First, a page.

Extended Learning Time FAQs
The following FAQs are meant to explain the benefits of Extended Learning Time (ELT) and address some of the concerns we have heard regarding its implementation next year.
Extended Learning Time is a strategy used to help more students gain valuable learning and enrichment opportunities, receive more personalized support, and allow teachers more time to collaborate and improve the quality of instruction.
The added 40 minutes to the school day, which adds up to the equivalent of 20 extra days of instructional time per year, will put students on a better pathway to success. This additional time will allow our students to participate in high-quality learning and enrichment opportunities — from personalized instruction and foreign language classes to arts programs, physical education and student clubs. This will better prepare them for college and career, and contribute to closing opportunity and achievement gaps for students across the district.
We are phasing in the implementation of all 57 “Schedule A” ELT schools over the course of three years, thanks to the support of Mayor Walsh and an agreement with the Boston Teachers Union. Schedule A is a model for expanding the school day that refers to an agreement between the Boston Public Schools and the Boston Teachers Union to add 40-minutes to the school day. The school day for elementary schools will be 6-hours and 40-minutes. The school day for middle schools will be 6-hours and 50-minutes. In addition to the longer day, teachers will get an additional 75-minutes of planning time per week. The schools the agreement applies to were labeled “Schedule A”, while the schools the agreement does not apply to were labeled “Schedule B.” The first set of 16 schools began ELT programming in 2015-16; two more schools started this school year; the remaining 39 schools will begin in the fall of 2017.
BPS has three primary start times each day: 7:30; 8:30; and 9:30 a.m. To maximize resources, the district tries to ensure each of its more than 640 buses serve all three morning bell times each day. However, the system of bus routes is not evenly distributed since there are more schools with 7:30 and 8:30 start times than 9:30 start times. Moving 9:30 schools to earlier bell times would require a greater number of buses to be on the road, creating additional costs for the district and increasing traffic congestion during rush hour. BPS recently examined scenarios that would potentially change many schools’ bell times, resulting in more elementary schools shifting to earlier start times and more high schools to later start times. However,due to the complexities and interconnectedness of our busing system, and in order to achieve our goals in a fair manner, we’ve decided to delay making any large-scale adjustments to start times for next school year. This will allow us to conduct a more thoughtful, deliberate and comprehensive analysis of altering bell times — one that will involve community input and reach equitable solutions.
Due to the fact that start times are not evenly balanced, we cannot move any one school to a 7:30 or 8:30 time without also moving at least one other school, with a similar number of buses and in the same part of the city, from a 7:30 or 8:30 start time to a 9:30 start time. Lacking such an offsetting move, the district would incur significant added costs. It would not be equitable to allow one school’s start time to change, at an added cost to the district, without doing the same for other schools in a similar situation.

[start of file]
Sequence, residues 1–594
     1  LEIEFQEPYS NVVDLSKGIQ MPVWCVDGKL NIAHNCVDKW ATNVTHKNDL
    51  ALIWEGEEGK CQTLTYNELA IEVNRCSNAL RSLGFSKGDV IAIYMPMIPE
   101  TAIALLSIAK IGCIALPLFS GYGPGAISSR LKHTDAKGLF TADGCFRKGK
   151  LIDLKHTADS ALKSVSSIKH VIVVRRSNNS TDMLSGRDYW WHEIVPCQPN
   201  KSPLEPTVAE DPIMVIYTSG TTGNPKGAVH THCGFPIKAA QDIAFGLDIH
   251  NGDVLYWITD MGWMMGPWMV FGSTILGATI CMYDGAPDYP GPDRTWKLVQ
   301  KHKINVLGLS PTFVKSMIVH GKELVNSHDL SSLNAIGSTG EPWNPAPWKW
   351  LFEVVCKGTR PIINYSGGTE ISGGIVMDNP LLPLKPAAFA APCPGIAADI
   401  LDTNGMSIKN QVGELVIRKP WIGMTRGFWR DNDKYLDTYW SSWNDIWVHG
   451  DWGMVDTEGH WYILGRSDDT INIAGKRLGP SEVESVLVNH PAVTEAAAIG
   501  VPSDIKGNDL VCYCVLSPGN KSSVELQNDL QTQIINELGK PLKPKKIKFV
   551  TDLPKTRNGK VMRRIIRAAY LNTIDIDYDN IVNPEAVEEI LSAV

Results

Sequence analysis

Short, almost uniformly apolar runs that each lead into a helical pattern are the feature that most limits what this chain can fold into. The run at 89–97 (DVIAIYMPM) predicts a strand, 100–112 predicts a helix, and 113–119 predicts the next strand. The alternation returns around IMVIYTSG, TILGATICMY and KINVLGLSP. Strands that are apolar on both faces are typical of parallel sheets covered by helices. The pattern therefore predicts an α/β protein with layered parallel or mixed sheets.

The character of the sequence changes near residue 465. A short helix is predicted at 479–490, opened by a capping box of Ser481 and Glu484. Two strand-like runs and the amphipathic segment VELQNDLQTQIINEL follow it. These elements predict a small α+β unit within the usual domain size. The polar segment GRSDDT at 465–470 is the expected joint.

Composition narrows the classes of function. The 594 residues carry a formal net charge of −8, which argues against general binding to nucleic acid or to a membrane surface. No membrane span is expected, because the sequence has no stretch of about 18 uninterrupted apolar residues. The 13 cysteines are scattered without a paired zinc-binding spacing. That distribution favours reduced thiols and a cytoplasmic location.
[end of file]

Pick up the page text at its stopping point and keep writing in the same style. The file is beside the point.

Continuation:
BPS strongly considered this across the district and will pilot this approach next year with the Patrick J. Kennedy and Otis schools in East Boston. The Kennedy will shift from 9:30 to 8:30, and the Otis will move up, slightly, from 8:30 to 8:20. The two schools are less than a half-mile apart and have almost identical enrollment patterns: most of their bus riders come from the same five bus stops in East Boston. Linking the two schools will actually reduce the number of buses needed for the two schools, from 8 to 5, and produce cost savings. Outside of East Boston, BPS could find no other pairing of schools that could be linked without significant extra busing costs. This is largely because of two factors:
- The geographic distribution of school enrollments: While some schools might be located near each other, they often draw students from different neighborhoods. A pair of schools might have some bus routes that overlap, but routes that do not overlap or cannot be combined will require additional buses.
- Traffic patterns and distance between schools: It is not operationally feasible to pair some schools located close to one another, even if less than a mile apart. Due to traffic volume in the area and the time needed to load or unload buses, drivers would not have enough time to pick up all of their students and deliver on time to both schools. If accounting for this by staggering the schools’ start times, then students would often be riding the buses for too long.
BPS is under a contractual agreement with the Boston Teachers Union to implement by next school year (2017-18) all remaining “Schedule A” schools. It is not possible for any schools in this group to delay participating in extended learning time.
BPS is committed to working with each school to make sure its students remain safe and its dismissal procedures are carried out efficiently. BPS Operations, Safety, and School Police staff will take an active role in supporting all schools transitioning to new dismissal times. BPS will also work with other City agencies, including the Boston Police and Transportation departments, to ensure that adjustments are made to school-zone markings and crossing-guard assignments to reflect the new dismissal times.